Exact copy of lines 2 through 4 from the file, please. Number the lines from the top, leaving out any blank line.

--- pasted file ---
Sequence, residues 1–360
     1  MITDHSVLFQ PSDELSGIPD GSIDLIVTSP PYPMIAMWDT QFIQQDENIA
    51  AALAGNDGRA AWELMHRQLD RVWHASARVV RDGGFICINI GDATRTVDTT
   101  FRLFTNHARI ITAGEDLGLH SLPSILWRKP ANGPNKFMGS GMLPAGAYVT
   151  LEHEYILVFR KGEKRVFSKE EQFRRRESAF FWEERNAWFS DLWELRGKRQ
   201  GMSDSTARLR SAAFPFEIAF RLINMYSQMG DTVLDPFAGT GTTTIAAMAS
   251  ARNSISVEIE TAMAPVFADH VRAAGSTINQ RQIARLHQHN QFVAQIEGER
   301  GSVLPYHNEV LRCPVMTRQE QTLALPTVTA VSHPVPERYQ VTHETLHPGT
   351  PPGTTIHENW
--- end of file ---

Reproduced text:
     1  MITDHSVLFQ PSDELSGIPD GSIDLIVTSP PYPMIAMWDT QFIQQDENIA
    51  AALAGNDGRA AWELMHRQLD RVWHASARVV RDGGFICINI GDATRTVDTT
   101  FRLFTNHARI ITAGEDLGLH SLPSILWRKP ANGPNKFMGS GMLPAGAYVT